- By Jason Howland
Mayo Clinic Minute: Why and when your children should be vaccinated
Ensuring your child gets a flu shot is important to prevent the flu. It's also important to make sure your child is up to date on immunizations with all of the recommended childhood vaccines which prevent serious diseases, such as measles, mumps, rubella, varicella, diptheria, tetanus and acellular pertussis.
Journalists: Broadcast-quality video pkg (1:00) is in the downloads at the end of the post.
Please 'Courtesy: Mayo Clinic News Network.' Read the script.
"Vaccination prevents a child from getting an illness. It also prevents them from spreading an illness," says Dr. Elizabeth Cozine, a Mayo Clinic family medicine physician.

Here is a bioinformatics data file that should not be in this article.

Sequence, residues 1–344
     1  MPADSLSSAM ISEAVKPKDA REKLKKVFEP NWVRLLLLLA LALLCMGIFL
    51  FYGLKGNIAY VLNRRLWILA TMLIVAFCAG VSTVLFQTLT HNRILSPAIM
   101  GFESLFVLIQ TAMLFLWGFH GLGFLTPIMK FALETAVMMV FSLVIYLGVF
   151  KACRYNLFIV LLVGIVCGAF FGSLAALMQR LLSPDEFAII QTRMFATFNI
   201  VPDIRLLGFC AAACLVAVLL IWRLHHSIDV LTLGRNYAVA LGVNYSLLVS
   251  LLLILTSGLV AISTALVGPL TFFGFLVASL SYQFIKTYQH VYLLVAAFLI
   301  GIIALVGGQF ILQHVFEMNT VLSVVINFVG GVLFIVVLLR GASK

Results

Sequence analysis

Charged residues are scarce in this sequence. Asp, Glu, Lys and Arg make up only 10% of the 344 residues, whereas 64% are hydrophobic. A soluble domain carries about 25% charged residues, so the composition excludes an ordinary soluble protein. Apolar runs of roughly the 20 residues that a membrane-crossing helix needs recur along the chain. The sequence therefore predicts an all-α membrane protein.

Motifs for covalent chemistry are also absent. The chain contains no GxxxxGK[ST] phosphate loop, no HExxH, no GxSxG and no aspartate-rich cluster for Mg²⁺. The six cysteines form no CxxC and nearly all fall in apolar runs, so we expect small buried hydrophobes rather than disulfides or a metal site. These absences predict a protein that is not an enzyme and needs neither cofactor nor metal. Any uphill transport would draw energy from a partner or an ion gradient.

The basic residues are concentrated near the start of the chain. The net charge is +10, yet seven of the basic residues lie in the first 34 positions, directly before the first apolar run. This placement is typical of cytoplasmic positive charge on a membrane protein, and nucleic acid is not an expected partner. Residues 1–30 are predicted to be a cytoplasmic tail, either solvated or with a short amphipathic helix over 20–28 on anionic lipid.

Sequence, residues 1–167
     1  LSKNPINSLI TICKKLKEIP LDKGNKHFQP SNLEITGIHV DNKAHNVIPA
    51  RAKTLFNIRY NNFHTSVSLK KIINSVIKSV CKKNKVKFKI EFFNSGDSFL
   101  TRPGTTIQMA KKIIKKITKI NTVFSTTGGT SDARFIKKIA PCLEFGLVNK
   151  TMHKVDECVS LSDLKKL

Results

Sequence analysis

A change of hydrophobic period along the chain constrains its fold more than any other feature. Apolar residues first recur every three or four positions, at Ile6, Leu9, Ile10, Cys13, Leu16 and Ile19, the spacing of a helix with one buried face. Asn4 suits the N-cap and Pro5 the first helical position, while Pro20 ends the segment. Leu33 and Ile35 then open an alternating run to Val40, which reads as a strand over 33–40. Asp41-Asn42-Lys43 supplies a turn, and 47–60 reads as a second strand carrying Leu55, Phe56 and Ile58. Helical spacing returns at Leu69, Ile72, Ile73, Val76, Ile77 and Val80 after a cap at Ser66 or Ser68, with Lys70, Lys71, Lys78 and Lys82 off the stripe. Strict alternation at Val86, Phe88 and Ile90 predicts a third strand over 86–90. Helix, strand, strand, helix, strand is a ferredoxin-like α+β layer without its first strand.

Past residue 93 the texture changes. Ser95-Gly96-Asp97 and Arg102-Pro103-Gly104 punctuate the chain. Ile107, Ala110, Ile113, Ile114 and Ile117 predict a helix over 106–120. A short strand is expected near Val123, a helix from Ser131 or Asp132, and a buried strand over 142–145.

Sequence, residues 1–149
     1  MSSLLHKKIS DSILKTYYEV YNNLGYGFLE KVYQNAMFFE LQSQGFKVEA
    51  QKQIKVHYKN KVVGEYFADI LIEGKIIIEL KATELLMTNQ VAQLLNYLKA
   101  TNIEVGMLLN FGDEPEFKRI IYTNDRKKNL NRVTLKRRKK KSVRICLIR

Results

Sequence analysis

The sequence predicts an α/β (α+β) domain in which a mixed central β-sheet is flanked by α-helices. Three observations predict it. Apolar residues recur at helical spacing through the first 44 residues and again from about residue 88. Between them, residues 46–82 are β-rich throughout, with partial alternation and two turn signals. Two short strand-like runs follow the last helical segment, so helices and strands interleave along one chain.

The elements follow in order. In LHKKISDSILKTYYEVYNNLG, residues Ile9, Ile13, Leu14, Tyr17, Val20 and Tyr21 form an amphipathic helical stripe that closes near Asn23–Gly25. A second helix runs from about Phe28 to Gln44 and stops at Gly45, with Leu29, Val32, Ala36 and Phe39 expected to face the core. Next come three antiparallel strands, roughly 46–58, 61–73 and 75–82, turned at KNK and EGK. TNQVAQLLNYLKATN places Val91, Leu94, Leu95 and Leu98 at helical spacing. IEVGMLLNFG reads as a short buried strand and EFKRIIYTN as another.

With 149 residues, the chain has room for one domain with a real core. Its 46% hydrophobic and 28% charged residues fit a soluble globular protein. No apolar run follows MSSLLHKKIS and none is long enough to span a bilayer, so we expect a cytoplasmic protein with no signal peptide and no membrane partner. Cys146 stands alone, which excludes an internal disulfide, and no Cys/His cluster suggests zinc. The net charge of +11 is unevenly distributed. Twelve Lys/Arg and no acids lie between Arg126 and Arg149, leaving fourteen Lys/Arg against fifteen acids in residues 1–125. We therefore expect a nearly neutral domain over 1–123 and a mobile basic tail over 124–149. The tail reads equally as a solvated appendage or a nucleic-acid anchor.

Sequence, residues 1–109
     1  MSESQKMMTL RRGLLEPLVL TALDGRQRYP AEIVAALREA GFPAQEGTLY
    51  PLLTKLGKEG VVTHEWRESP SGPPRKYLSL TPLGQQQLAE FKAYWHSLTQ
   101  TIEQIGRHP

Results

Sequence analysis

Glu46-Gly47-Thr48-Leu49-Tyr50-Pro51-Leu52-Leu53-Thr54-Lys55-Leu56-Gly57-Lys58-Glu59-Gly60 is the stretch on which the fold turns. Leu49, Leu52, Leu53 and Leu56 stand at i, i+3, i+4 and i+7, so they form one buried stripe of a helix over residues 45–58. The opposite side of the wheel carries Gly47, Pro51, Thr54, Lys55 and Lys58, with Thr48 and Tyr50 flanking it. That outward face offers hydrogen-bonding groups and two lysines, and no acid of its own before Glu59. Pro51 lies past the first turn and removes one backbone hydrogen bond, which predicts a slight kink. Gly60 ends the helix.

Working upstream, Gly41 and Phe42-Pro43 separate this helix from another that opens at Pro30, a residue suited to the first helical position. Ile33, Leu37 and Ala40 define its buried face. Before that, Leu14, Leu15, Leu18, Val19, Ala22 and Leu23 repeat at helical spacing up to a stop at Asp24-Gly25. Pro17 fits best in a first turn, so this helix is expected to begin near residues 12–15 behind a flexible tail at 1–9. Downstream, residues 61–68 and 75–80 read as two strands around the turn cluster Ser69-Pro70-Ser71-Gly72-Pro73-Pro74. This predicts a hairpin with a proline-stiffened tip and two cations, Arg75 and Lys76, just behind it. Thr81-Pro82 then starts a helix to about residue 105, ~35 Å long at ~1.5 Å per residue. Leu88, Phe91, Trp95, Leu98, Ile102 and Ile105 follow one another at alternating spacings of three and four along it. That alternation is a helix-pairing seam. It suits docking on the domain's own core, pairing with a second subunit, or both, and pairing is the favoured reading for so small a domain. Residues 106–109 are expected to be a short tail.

Dr. Cozine says the Centers for Disease Control and Prevention has a standard immunization schedule for school-age children that begins with ages 4 to 6, "which we think of as kindergarten shots," she says. "So that's measles, mumps, rubella and varicella."
Dr. Cozine says the next set of routine immunizations is at age 11, "which is tetanus, diptheria and pertussis, and the meningococcal immunization."
It's also recommended every child get an annual flu shot. And HPV vaccination, which prevents cancer, can start as early as age 9. Dr. Cozine says it's important to educate families on the importance of childhood vaccinations. She likens it to seat belt safety.
"Immunizations are no different," she says. "If we have opportunities to protect our children against serious illness and potentially even death — even if the risk of that illness or the risk of death from that illness is really quite low — I'm all for it."
Dr. Cozine says if parents have concerns about vaccinations, they should talk to their health care provider.